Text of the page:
Engaging women to reach women in Pakistan

Sightsavers logo Engaging women to reach women in Pakistan

Pakistan is the country with the fifth lowest gender-related development index globally. Women are disproportionately affected by eye problems in Pakistan. According to the IAPB vision atlas, around 55% of all visually impaired people in the developing world are women or girls, and one of the main contributing factors to this is the poor access of women to eye care, and their poor understanding of eye health. Literacy rates are commonly lower amongst women than men. The recent economic survey undertaken in 2017 shows that in Pakistan, 70% of men are literate compared to 48% of women. Literacy rates and health behavior are interlinked. In addition, the health of men and boys is often prioritized over the health of the women in a family, because of the commonly higher earning power of men compared to women.

With a rapid increase in the prevalence of Diabetes Mellitus (DM) in Pakistan, Diabetic Retinopathy (DR) is also on rise in the country[1]. As Diabetes and Diabetic Retinopathy are public health issues that require continuous management and treatment compliance, women who have poor access to treatment are the most vulnerable.

To reach out to women in particular, we at Sightsavers involved Lady Health Workers (LHWs) in our Diabetic Retinopathy project. LHWs are the biggest primary health care work force in Pakistan. They have direct access to the people in the communities that they serve. They cover the communities where they live so there is already a high level of trust between patient and LHW which is essential if treatment is to be accepted and advice to be taken on board. LHW visit families in their homes, addressing the problems caused by lack of education which often lead to poor health seeking behavior.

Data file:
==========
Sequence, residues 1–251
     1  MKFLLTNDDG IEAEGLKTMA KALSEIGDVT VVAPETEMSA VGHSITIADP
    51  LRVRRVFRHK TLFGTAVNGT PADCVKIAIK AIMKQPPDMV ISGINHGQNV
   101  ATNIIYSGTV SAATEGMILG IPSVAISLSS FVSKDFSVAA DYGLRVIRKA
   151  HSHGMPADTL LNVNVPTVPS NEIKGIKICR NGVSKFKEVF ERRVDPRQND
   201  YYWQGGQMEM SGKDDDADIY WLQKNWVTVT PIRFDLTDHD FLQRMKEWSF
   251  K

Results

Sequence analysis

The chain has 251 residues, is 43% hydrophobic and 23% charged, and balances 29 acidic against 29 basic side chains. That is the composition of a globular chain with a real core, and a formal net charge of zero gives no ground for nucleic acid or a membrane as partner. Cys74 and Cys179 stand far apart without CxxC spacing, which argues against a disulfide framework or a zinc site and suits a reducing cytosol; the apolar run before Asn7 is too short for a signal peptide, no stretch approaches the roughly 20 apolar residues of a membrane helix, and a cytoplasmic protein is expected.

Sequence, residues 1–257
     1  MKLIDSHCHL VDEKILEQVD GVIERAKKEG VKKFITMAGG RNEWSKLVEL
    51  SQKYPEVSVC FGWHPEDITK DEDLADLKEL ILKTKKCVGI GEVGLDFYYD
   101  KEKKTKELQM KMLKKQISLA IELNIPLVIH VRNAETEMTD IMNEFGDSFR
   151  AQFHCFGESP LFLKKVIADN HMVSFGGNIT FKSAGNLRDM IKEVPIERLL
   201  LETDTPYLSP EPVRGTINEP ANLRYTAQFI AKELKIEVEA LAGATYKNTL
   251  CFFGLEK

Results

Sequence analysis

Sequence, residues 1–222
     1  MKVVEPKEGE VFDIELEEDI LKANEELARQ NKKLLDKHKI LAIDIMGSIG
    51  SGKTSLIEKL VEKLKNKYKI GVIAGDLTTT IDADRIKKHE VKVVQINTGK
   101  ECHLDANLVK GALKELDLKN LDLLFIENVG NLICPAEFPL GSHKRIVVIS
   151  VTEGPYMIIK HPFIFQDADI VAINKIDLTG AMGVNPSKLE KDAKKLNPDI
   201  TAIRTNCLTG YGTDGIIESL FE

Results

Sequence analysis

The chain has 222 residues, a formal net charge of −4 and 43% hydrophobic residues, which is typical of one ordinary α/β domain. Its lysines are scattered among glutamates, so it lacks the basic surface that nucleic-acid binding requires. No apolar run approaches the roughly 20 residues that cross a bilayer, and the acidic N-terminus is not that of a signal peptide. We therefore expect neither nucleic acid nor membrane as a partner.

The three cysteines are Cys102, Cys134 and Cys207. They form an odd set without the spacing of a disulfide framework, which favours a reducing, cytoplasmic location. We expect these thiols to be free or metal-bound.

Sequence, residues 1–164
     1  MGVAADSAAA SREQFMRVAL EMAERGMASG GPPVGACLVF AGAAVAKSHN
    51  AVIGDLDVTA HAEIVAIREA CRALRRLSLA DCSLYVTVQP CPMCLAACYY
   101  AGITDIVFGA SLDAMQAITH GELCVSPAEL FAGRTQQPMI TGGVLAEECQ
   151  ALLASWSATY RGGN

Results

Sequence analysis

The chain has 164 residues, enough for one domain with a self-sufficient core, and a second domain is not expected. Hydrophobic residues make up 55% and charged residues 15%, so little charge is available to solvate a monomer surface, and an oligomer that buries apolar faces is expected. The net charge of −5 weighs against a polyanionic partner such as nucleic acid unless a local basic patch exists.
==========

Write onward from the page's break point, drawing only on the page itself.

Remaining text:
The LHWs are playing a key role in disseminating information regarding diabetes, its potential complications on the eyes and available services. They also use IEC materials about diabetes and Diabetic retinopathy and disseminate these in the communities. As LHWs have a direct access to each family, they are able to interact very regularly with women. Through this regular interaction, they also motivate women to comply with treatment and manage their DM and DR by changing their daily habits. Moreover, these LHWs are trained to refer all the patients at risk to appropriate health facilities for further diagnosis and treatment.

The project statistics prove that the strategy to engage women health workers to reach the women in our communities work well. Out of the total people screened for DR, 57% were females. Out of these, 56% were identified with DR and 51% were identified with STDR. Due to the efforts and increased knowledge of the LHWs, our referral rate has increased from 5.4% in the project first year to 47.6% at the end of the project’s third year. We anticipate that this will further increase in the next two years of project. The LHWs are in regular contact with the female DM patients and ensure that DM control and counselling about diet and lifestyle is continuously given. These measures helpful in preventing DR to develop and STDR to worsen further among the women.

Leena Ahmed

Senior Programme Officer

Sightsavers Pakistan

lahmed@sightsavers.org.

[1] “S. Maher, M. Zahid Awan, Nabeel Manzar and M. Saleh Memon. Prevalence of Type-II Diabetes Mellitus and Diabetic Retinopathy: The Gadap Study. . J Pak Med Assoc2010, Vol. 20 (8): 528-532”.